• The path to a college basketball coaching job is rarely predictable. Paul Reed, who made a mark coaching the Tucson and Cienega high school girls teams the last decade, was hired by Long Beach State last week. Reed graduated from Langston (Oklahoma) University and got a master’s degree from the University of Phoenix. ... Tucsonan Pam Reed continued her remarkable distance running career last week. At 53, Reed ran 135 miles in the Badwater Marathon, much of it in the California desert, finishing second of all women’s entrants and ninth overall in 29 hours, 30 minutes. Next? She’ll run the 100-mile Run Rabbit Run race in Steamboat Springs, Colorado, in September.

  • How unbeatable is Rory McIlroy? In his five appearances at Dove Mountain’s Match Play championships, he lost to Oliver WilsonBen CraneHunter MahanShane Lowry and Harris English. Golf isn’t like international swimming, where the favorite almost always wins. If you win twice a year on the PGA Tour, you’re a Hall of Famer.

  • Catalina Foothills grad Christian Muscarello, an all-conference shortstop at Trinity (Texas) University and the SCAC’s Freshman of the Year in 2011, has agreed to sign with the St. Louis Cardinals. Muscarello hit .319 in 43 starts for Trinity last season. He played for the KFC team in Tucson American Legion baseball. That’s a good lineage. Ex-KFC shortstops Anthony SandersSeth Mejias-Brean and Mike Brownstein all signed pro contracts.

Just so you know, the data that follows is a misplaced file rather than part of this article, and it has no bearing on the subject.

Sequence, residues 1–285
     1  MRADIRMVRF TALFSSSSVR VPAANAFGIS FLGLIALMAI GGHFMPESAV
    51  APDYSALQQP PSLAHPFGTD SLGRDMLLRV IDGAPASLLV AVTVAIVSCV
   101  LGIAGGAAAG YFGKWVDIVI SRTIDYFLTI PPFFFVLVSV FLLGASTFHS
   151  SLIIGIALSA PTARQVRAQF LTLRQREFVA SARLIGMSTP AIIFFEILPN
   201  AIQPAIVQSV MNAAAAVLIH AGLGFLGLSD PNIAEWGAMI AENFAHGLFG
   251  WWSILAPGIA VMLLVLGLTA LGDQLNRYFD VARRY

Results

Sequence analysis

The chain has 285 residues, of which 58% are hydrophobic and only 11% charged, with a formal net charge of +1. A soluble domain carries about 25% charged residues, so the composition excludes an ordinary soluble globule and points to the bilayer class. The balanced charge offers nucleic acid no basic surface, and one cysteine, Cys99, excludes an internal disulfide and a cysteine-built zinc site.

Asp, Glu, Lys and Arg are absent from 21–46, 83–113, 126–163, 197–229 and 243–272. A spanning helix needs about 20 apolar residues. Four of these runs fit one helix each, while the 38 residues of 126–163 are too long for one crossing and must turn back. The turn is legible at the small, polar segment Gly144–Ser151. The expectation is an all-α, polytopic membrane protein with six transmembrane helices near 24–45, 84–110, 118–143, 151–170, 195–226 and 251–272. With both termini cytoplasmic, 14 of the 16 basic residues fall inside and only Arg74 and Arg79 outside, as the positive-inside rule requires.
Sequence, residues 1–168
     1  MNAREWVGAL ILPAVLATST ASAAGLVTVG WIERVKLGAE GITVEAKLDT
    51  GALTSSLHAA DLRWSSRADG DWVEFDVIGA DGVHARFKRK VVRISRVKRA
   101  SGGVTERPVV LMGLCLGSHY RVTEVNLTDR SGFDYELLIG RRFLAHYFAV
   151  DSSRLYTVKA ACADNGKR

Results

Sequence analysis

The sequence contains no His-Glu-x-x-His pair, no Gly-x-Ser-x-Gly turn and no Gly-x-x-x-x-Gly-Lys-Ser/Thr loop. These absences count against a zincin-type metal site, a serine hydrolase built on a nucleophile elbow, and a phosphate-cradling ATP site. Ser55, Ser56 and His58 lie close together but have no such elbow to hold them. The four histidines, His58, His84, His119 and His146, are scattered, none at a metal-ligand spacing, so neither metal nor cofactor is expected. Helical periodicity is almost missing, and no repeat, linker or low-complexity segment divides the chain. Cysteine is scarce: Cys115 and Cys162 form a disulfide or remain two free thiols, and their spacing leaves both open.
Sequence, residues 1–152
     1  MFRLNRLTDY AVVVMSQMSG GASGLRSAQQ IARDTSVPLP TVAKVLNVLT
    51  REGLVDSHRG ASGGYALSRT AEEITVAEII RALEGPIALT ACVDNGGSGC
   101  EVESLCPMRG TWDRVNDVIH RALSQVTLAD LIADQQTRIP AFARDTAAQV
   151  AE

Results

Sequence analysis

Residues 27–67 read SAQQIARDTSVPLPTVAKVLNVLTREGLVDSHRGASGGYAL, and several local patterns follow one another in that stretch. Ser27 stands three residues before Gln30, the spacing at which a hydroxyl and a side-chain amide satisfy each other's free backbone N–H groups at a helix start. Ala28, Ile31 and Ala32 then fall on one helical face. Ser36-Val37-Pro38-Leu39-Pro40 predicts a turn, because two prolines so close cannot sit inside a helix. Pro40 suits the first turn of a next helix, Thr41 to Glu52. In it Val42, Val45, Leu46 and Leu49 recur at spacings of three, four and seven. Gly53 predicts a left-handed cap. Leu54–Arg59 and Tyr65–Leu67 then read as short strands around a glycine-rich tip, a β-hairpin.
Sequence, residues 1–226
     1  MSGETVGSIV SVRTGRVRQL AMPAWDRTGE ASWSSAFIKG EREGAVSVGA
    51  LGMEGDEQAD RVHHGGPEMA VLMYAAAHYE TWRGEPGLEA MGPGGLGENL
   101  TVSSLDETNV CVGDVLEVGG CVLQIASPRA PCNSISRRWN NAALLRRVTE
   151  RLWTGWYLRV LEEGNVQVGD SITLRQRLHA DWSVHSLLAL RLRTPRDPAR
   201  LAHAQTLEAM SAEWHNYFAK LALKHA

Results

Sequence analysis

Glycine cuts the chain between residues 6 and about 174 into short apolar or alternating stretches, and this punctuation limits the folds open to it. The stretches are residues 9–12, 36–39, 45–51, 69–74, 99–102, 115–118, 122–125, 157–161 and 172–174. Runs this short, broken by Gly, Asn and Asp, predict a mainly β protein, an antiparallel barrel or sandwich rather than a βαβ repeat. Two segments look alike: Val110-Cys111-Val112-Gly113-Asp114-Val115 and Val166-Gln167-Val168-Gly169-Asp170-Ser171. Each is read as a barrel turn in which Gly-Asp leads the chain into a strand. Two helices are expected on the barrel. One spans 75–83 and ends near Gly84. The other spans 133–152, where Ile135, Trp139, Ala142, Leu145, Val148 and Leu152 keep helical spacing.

• Ever-resourceful UA softball coach Mike Candrea, who had everything but a dominant pitcher in 2014, is working to change that. San Diego State junior-to-be Danielle O’Toole, who was 31-10 with a 1.91 ERA last season, hopes to transfer to Arizona and have two seasons of eligibility remaining. The only catch is that O’Toole, a lefty and the Mountain West Conference Pitcher of the Year, has yet to obtain a release from the Aztec coaching staff. If not, she would have to redshirt in 2015.

  • Danielle Steinberg, who was Arizona’s No. 1 singles tennis player and the Pac-12 Scholar-Athlete for tennis in 2009, was named the tennis coach last week at Kansas State. Steinberg, only 27, had been the head coach at McNeese State, where this season she was the Southland Conference’s Coach of the Year.

  • One of the most intriguing items of college basketball’s July recruiting evaluations, which end today, is whether new Cal coach Cuonzo Martin can cut into Arizona’s pipeline to the motherlode of players at the Oakland Soldiers AAU program.

    Arizona coach Sean Miller was successful in getting Nick JohnsonAaron GordonStanley Johnson and Brandon Ashley from Oakland, while Cal coach Mike Montgomery came off as a man contemplating retirement.

    The nation’s No. 1 recruit, 6-10 Ivan Rabb, is an Oakland Soldier. Miller and his staff have been in hot pursuit for two years. Cal is late to the race, but it has homecourt advantage.

    And second-year UCLA coach Steve Alford is now flexing his Bruin-linked recruiting muscle in California much more than his predecessors.

    Staying on top isn’t going to be easy.